Great now we will see countless anime version of this abomination doing missile spam and taking out 10 F-22s in one volley. One thing I hate the most about Japs, they think they are so fucking superior.
Its an homage to Battle Fairy Yukikaze.
THRUST VECTORING, SON.
Realistically speaking, this HAS actually happened in the past, just with triplanes. They can spin around fast enough to keep their velocity vector in one direction rather than following the nose and still generate enough lift to do this, despite the engine slowing them down. It can only happen for a moment, but a moment's enough to spoil an attack.
>Realistically speaking, this HAS actually happened in the past, just with triplanes. They can spin around fast enough to keep their velocity vector in one direction rather than following the nose and still generate enough lift to do this
No. Absolutely no.
What I'm wondering is what the government is going to axe to keep this going.
They had a nightmare of a time with the F-2 -- especially when upgrade time came around, and that's before we even talk about the new ASMs. The entire program could be axed next election when the Diet revolts and cuts funding when they realize they'll be paying for this thing for the next 50 years.
Nope, spending money on F-35s instead.
It's a bit of a toss up. The Block 60 with CFTs has a longer range, but the F-2 has a larger internal range. Furthermore, the lack of CFTs means the F-2 can actually maneuver decently where as the CFT makes the block 60 a flying turd.
>Female Defense Minister didn't spend the money on repair parts.
She is like the last of the problems. In fact she is even the first one who wants to improve the core competence of the Bundeswehr - with more tanks, aircraft etc.
You don't get more gear if your current gear isn't usable because you lack the money to maintain it. First priority is raising the availability rate. Above EVERYTHING else. The first job of a military is readiness. As it stands, even with new gear Germany would not be in a state of readiness.
>it was kinda gay at times
It wouldn't be a proper jet pilot story if it weren't desu
>"The flying qualities of the F-16 with CFTs are essentially unchanged when compared to a non-CFT equipped airplane,"
They technically aren't lying, but they are stretching the truth a lot. What they said is only true if the CFTs are empty. Lying by omission maybe. There are plenty of personal anecdotes from pilots from a wide range of countries who will argue CFTs do noticeably reduce maneuverability.
>"For most combat flight conditions, it's as if the CFTs are not even there.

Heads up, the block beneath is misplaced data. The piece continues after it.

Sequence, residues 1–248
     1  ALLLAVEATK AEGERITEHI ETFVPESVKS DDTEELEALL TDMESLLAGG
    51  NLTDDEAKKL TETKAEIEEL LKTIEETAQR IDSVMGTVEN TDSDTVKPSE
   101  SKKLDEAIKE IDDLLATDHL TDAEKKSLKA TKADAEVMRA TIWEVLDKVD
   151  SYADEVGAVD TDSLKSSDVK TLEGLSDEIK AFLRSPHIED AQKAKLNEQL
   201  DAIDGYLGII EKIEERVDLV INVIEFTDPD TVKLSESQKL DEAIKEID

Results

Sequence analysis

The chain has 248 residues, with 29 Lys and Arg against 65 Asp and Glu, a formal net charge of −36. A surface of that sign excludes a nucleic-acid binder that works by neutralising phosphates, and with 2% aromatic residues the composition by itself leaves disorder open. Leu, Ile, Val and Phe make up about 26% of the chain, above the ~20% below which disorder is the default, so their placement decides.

Again, not technically lying but this is comparing a CFT F-16 to a F-16 with underwing fuel tanks. What they fail to point out is that you can ditch the underwing fuel tanks where as you can't for the CFTs. So it is a lopsided comparison to begin with.
Well, Germany went from 2,4% spending to 1,2%.
Even if I'm not a CDU nor von der Leyen fan, I would claim she is one of the few peole who can fix that problem to some degree because she has ambitions to become chancellor at some point.
One of the reasons why Merkel is trying to get rid of her.
One would think that Japan would rather design something to fix the F-35 biggest flaws.
Here we go. The shooting down of Werner Voss.
Just after 16 minutes in. The quotes are from one of the British pilot's diary.
If you read up on them they are over-engineered, but really capable planes. It was the first plane to have an AESA radar, first aircraft to have the wings and shit made from a graphite-epoxy composite, which improved the weight, range and some stealth capabilities of the plane. This tech was then also used in the design of the F-35.
Handles really well, can handle lots of ordnance and fits the Japanese defense doctrine.
It's pricy, yes, but that is because 60% of it is produced in Glorious Nippon.
A higher angle of attack = more lift (also more drag), which means you turn faster and tighter, so long as you have the engine power to deal with that drag.
It also means you can fly slower without completely stalling which helps in certain circumstances.
>Even Lockheed doesn't claim that.
Yes they did... with the F-117, because it's that old it's a basic feature of stealth aircraft. A single tail has to be vertical for symmetry; a vertical tail provides a massive reflecting surface to targets to the side and it also creates a corner reflector between the vertical stabiliser and either the elevators or wings.
>which is quite pointless
And yet pulling high alpha is the primary tool of the Hornet / Super Hornet in BFM. It takes a lot of skill to use to your advantage, but it can let you kill your enemy early into a dogfight.
It'd be poetic justice if Japan ended up building better stealth fighters than China. China had to steal from America to get anywhere on that. This is clearly a Japanese design, and not a blatant design theft.